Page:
It’s no secret that the Atlantic Council has been bullish on Ukraine’s reforms. In particular, we often cite gas reform as the one that massively curbed corruption in Ukraine since the Euromaidan. But after an hour-long conversation with Naftogaz CEO Andriy Kobolyev on December 8, I came away with a different picture.
Since the thirty-nine-year-old soft-spoken CEO took over in 2014, Naftogaz has turned a profit for the first time in five years. It has also become the biggest user of the ProZorro e-procurement system that has saved taxpayers more than $1 billion, and it beat Russia in the Gazprom vs. Naftogaz case at the Stockholm Arbitration Tribunal earlier this year. In other words, Kobolyev has had an incredible run.
But gas reforms have stalled. Kobolyev said that he hasn’t seen much progress since May 2016.
“Without [further] changes, nothing is possible,” he said during our interview in Washington. “The problem with our gas reform is that we should finish the surgery.” Finishing the surgery means liberalizing gas prices, improving Naftogaz’s corporate governance, and unbundling the giant state-owned oil and gas company.
On October 12, Prime Minister Volodymr Groisman refused to liberalize gas prices, even though the government had previously agreed to automatic rate hikes as part of its $17.5 billion program with the International Monetary Fund. Under the IMF-backed price adjustment, consumers would have seen an 18 percent increase this season, while the government’s plan is closer to 5 percent.
Of course, liberalizing prices will hurt consumers initially, but Kobolyev argues that market prices are the only way to give consumers more choice and end oligarch Dmytro Firtash’s gas monopoly over households. Regulations force Naftogaz to provide gas to households through private intermediaries. Most of these intermediaries are controlled by Firtash, who also controls the regional distribution networks.
If the government allows market prices, it won’t need to constantly adjust the price, Kobolyev noted. Gas should be like oil, which reflects the world price, he argued.
While acknowledging that the issue is highly politicized, “it can be used for the benefit of the government,” he said, adding that it’s very feasible to liberalize the market now by creating a subsidy system that will reward consumers who decrease their consumption. The message would be clear, he said: “If you save, the rest is yours.”
He wants to give people a credit card preloaded with funds to cover their gas bill; at the end of the heating season, they will be able to withdraw any remaining funds. Decreasing consumption is important, because Ukraine consumes more than three times the amount of gas that Poland does per capita. He said opposition leader Yulia Tymoshenko did something similar in the past, and many people in rural areas remember and like the idea.
Victoria Voytsitska, a parliamentarian and secretary of the Rada’s energy committee, agrees that gas reform isn’t working for consumers. Consumers are paying more, and these higher prices were meant to give them greater choice. Instead, consumers are still subject to “the slavery of Dmytro Firtash,” who controls 75 percent of the gas market for households. Now, “there’s no benefit for consumers,” and “no more choice,” Voytsitska said. She has fielded hundreds of complaints from ordinary citizens this season who are being charged for gas they didn’t use and then cut off just as temperatures fall, she told me in a November 27 interview.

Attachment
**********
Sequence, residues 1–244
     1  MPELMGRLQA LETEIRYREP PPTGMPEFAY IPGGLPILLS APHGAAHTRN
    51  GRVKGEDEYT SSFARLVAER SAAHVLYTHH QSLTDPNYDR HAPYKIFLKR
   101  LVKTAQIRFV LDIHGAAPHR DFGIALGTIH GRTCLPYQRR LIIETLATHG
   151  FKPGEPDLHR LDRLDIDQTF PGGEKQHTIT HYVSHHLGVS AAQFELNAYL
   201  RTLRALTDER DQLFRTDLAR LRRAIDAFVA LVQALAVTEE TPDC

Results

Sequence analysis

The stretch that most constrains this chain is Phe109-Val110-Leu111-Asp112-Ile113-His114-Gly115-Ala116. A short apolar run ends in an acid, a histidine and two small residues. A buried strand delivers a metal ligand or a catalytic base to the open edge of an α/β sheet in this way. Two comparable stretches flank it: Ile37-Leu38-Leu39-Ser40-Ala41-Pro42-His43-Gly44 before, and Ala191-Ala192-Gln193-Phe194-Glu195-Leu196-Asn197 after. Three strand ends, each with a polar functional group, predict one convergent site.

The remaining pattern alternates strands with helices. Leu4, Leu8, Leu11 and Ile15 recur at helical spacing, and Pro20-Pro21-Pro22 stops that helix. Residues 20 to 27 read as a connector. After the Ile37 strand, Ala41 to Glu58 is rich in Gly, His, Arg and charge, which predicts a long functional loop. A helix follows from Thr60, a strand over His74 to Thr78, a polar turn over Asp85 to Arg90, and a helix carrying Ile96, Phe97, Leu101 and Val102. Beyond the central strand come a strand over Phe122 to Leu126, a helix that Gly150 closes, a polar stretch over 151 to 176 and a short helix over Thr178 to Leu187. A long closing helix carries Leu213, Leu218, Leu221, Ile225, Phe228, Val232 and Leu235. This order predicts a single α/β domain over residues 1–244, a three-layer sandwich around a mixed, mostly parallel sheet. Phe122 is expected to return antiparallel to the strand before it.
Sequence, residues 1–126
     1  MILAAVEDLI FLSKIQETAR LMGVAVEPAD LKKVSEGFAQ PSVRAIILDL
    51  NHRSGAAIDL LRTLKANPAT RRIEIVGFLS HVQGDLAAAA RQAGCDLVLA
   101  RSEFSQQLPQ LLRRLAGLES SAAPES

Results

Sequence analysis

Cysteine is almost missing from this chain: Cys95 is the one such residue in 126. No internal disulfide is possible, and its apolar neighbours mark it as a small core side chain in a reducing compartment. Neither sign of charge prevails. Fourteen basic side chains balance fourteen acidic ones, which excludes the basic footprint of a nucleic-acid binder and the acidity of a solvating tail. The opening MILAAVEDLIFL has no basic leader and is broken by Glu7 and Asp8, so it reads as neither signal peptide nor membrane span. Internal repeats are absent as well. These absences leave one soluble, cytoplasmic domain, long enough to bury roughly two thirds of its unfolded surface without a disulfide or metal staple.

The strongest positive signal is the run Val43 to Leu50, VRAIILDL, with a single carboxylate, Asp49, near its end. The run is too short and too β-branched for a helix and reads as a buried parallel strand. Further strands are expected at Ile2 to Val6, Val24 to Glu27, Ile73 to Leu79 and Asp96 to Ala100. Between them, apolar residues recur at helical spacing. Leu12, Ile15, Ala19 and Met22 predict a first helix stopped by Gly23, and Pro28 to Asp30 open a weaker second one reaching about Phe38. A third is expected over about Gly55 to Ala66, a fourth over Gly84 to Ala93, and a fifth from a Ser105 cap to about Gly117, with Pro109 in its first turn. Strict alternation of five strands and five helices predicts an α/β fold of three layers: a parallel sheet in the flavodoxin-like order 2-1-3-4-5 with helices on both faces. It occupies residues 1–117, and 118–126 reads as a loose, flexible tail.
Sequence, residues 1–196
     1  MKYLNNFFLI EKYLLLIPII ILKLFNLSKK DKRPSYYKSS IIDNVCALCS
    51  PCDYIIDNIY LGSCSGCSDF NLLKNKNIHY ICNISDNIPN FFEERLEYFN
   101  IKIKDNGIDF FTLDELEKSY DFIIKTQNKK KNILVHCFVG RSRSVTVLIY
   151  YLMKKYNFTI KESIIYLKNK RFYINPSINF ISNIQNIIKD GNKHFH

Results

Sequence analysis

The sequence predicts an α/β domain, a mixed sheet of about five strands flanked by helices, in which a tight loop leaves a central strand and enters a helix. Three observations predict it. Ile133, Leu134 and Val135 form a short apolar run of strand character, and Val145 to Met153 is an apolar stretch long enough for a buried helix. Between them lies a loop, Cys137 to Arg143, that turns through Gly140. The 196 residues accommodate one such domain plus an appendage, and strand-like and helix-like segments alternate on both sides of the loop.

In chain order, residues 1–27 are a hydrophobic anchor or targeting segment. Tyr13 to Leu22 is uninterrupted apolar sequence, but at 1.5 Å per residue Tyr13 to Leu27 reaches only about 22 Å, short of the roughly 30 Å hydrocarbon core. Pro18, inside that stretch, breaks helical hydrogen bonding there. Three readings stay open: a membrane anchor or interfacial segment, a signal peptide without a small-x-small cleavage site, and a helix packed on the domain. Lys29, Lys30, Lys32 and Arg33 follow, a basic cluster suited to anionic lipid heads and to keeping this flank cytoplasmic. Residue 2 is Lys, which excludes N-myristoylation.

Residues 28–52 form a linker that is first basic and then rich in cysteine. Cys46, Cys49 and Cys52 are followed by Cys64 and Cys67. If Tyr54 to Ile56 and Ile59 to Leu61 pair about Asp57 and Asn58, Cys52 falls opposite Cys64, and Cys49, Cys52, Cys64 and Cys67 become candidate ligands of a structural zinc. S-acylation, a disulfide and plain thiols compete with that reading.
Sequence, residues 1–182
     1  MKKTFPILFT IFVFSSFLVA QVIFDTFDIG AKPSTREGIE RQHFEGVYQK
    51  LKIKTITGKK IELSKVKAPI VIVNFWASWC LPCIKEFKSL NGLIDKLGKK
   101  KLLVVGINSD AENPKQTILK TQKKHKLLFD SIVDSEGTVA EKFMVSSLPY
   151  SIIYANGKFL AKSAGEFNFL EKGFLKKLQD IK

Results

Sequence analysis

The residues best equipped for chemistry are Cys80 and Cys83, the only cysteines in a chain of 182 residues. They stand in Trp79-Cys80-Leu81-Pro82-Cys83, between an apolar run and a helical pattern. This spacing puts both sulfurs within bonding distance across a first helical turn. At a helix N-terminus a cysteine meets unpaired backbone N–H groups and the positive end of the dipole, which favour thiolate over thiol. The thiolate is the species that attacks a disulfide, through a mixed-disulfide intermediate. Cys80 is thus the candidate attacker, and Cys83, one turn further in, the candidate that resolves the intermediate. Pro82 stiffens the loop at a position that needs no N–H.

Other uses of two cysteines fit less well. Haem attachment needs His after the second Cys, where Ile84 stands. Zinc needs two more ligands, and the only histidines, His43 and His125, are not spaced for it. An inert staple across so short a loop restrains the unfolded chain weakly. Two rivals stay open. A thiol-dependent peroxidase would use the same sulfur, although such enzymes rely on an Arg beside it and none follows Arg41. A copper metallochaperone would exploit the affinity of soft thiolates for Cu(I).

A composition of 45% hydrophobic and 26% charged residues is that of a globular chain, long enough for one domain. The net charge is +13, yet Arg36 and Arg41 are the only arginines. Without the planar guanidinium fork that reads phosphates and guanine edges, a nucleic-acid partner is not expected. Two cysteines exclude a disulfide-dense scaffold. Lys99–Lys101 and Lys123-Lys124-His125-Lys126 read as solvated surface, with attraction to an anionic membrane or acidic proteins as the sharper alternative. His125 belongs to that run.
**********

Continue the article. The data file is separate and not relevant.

Kobolyev also said Naftogaz has evidence that gas is being stolen by regional intermediaries. The company took control of a regional gas supplier in Kropyvnytskyi (better known as Kirovograd) this summer and gained access to customer data. In the list of customers that the regional intermediary provided, his company found fake ones: the company had been misappropriating gas from Naftogaz. He forwarded the case to the general prosecutor’s office. He suspects that similar manipulations are abundant in other regional gas suppliers, and said the situation needs to be changed immediately.
The last issue that needs urgent attention is Naftogaz’s supervisory board. In September, three independent board members resigned, citing political meddling and saying that they didn’t have enough decision-making authority.
The government has since named four people to the supervisory board, and all seem well-suited to the job, Kobolyev said, but they need more authority. The supervisory board approves contracts, loan agreements, and procurement. However, the corporate governance reform plan agreed to with international donors in 2015 suggests that the board should also approve the company’s strategic and financial plans as well as appoint executives. This is still not the case.
Kobolyev is not the first to warn that gas reforms are stalling. The IMF, the European Bank for Reconstruction and Development, and independent analysts don’t like what they see either. Some argue that there’s a real fight for control over Naftogaz between the government and Kobolyev and his reform-minded team, who want to do the right thing.
Throughout our conversation, Kobolyev is quick to present the steps the government needs to take as opportunities, and is reluctant to point fingers. He’s shrewd and chooses his words carefully.
As we say goodbye, I asked him when he’s going to run.
“For what?” he asks.
“Office,” I said.
He laughs and says that he wants to run Naftogaz.
Melinda Haring is the editor of the UkraineAlert blog at the Atlantic Council. She tweets @melindaharing.